3 min read

Reading Hans Zeiger’s recent post about a new book from the Brookings Institution on the rise of poverty in the suburbs, I was reminded of an article I read last fall on another, somewhat related topic. The piece summarized the results of a study examining the use of federal housing subsidies to move recipients out of poor neighborhoods and into more affluent ones. The researchers examined household earnings, employment, education levels and other measures to determine the effects of the change. Contrary to predictions, after ten years there were few if any changes in more tangible outcomes like earnings power and quality of employment.  Recipients did report increased levels of physical and mental health, however—notably, higher levels of happiness—when compared to poor families who remained in the old neighborhood. How much happier?  About $13,000 worth. Families who earned about $20,000 a year were as happy in their new neighborhoods as those earning closer to $33,000.  

The study’s authors appear puzzled by this fact, surmising that it could be due to increased feelings of safety. Of course this could be true, but I suspect that there are deeper issues at play here—much less tangible ones. Perhaps these people were happier in their new environments because they were surrounded by a more intact version of the American dream than that to which they had previously been accustomed. More stable families, more involvement and engagement with one’s community, more sense of self-agency, more pride of ownership and care for one’s environment. Let me tell you, it’s very difficult to uphold these values in isolation, surrounded by disintegration and denigration. What role does place play in contributing to one’s psychological well-being and, even further, degrading or reinforcing virtue? This is hardly a novel thought, but I think it is an important factor here.

I lived in the Bronx for five years. I can’t tell you how strange it was to find myself in West Chester, Pennsylvania, recently for a company meeting. Suddenly, I felt bad about jaywalking, motivated to observe even the tiniest niceties within this law-abiding community. Being surrounded by order and discipline again had a tremendously powerful psychological effect on me which was perhaps more apparent because of the relative anarchy from which I’d just come.

As a side note, I was also struck by the “deviant” culture of skateboarding in the area, so tame a form of rebellion in comparison to the rampant gang involvement, lonely and directionless teens, and young girls old before their time which formerly surrounded me. This skater culture was teens’ exploration of nascent adulthood, safely contained within the stability of family and community. They probably wouldn’t be flattered thatI found their freedom of self-expression cute and comforting, but I did.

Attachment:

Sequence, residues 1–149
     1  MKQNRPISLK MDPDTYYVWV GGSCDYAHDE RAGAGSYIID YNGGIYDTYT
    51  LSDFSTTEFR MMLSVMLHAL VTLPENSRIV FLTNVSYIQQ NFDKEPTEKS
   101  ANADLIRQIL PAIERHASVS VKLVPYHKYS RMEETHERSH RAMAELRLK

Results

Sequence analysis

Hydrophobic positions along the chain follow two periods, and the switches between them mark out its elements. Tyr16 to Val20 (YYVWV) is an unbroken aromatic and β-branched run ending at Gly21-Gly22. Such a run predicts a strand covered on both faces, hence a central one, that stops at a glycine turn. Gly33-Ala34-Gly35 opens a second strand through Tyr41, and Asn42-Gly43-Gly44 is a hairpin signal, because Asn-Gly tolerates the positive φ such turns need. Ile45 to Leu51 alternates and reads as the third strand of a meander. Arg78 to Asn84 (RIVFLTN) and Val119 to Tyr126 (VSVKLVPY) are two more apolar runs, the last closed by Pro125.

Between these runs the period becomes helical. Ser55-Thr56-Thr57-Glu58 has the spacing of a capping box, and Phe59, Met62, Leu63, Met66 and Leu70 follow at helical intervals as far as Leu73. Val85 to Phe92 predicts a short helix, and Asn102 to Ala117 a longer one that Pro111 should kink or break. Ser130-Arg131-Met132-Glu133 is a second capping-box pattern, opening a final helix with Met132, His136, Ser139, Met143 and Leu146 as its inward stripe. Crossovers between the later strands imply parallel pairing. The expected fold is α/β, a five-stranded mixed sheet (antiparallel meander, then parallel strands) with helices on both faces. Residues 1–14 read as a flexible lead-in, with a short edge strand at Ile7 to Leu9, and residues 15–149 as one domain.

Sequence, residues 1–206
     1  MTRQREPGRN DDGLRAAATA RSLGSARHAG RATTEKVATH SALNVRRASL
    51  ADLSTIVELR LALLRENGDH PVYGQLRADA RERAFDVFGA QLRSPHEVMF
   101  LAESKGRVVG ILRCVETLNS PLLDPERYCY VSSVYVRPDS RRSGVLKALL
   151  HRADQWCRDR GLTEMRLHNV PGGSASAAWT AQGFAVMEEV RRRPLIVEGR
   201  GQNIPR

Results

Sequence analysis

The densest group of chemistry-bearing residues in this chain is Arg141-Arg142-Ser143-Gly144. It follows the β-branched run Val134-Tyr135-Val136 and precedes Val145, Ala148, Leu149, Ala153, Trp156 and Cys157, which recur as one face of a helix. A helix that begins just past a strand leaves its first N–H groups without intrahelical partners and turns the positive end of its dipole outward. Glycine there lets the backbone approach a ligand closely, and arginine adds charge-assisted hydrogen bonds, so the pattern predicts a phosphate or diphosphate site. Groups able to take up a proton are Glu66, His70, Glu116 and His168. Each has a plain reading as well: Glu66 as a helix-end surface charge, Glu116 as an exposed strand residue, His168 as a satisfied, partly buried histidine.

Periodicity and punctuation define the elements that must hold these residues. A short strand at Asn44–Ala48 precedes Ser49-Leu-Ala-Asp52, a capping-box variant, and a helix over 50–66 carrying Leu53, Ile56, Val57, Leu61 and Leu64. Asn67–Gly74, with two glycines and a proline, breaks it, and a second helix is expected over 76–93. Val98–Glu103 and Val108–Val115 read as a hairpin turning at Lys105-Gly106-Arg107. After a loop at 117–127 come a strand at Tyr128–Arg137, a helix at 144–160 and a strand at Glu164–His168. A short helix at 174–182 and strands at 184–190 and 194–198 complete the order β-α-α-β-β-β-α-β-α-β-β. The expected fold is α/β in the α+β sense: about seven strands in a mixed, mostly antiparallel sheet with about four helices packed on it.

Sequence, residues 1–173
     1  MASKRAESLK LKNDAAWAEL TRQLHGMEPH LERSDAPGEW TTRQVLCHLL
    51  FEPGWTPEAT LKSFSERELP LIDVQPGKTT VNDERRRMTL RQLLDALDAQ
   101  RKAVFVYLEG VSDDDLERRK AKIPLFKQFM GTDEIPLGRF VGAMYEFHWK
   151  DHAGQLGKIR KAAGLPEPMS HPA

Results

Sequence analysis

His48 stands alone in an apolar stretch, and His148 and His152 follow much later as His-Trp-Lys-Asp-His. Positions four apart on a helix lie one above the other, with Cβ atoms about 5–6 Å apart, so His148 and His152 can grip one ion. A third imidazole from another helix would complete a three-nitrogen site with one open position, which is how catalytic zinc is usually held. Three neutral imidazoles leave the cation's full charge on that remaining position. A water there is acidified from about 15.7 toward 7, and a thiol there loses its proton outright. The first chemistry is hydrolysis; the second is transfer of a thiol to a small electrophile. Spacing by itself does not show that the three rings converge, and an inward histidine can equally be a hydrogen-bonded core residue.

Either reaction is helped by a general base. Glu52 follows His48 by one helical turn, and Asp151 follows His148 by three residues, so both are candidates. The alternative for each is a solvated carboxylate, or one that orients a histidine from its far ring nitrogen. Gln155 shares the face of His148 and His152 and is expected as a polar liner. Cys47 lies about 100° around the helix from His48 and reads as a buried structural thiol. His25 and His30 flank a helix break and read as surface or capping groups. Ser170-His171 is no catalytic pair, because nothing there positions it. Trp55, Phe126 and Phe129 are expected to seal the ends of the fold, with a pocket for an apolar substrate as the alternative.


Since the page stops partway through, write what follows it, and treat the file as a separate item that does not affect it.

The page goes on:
Living in a stable, engaged community may not have correlating effects on educational achievement and other outcomes in the short-term, but perhaps there are deeper, longer-term effects.  After all, this contributes in important ways to motivation of the best kind—internal striving for betterment that is reinforced by the culture that surrounds it. The two have compounding effects.

Now West Chester, Pennsylvania, is not exactly a suburb. It has a life, a core, a united feeling and purpose that many suburbs lack. But there is a lot to be said for a change of scenery in influencing one’s behavior. I think that Hans has it right in saying that there is tremendous opportunity for carving out new, real community even within these suburbs for their growing population of low-income residents.

What separates a small borough like West Chester from many suburbs? There are many things, but a big one is a deep familiarity and regular interaction with the larger community as opposed to the self-contained family autonomy idolized through so many subdivisions. You walk around. You see neighbors sitting on their porches. You see the same people working in the same businesses regularly.

Perhaps one way philanthropists could help promote attachment and investment in place is by creating more opportunities for basic human interaction, contact among community members who might not otherwise meet—funding cultural events like street festivals, live music, community theater in the park, farmers markets. Building centrally-located parks as gathering points. Investing in the local libraries, churches and other existing institutions that form civil society. Seeing and knowing the people around you is one necessary precursor to more meaningful community engagement and vitality.

Leave a Reply

Your email address will not be published. Required fields are marked *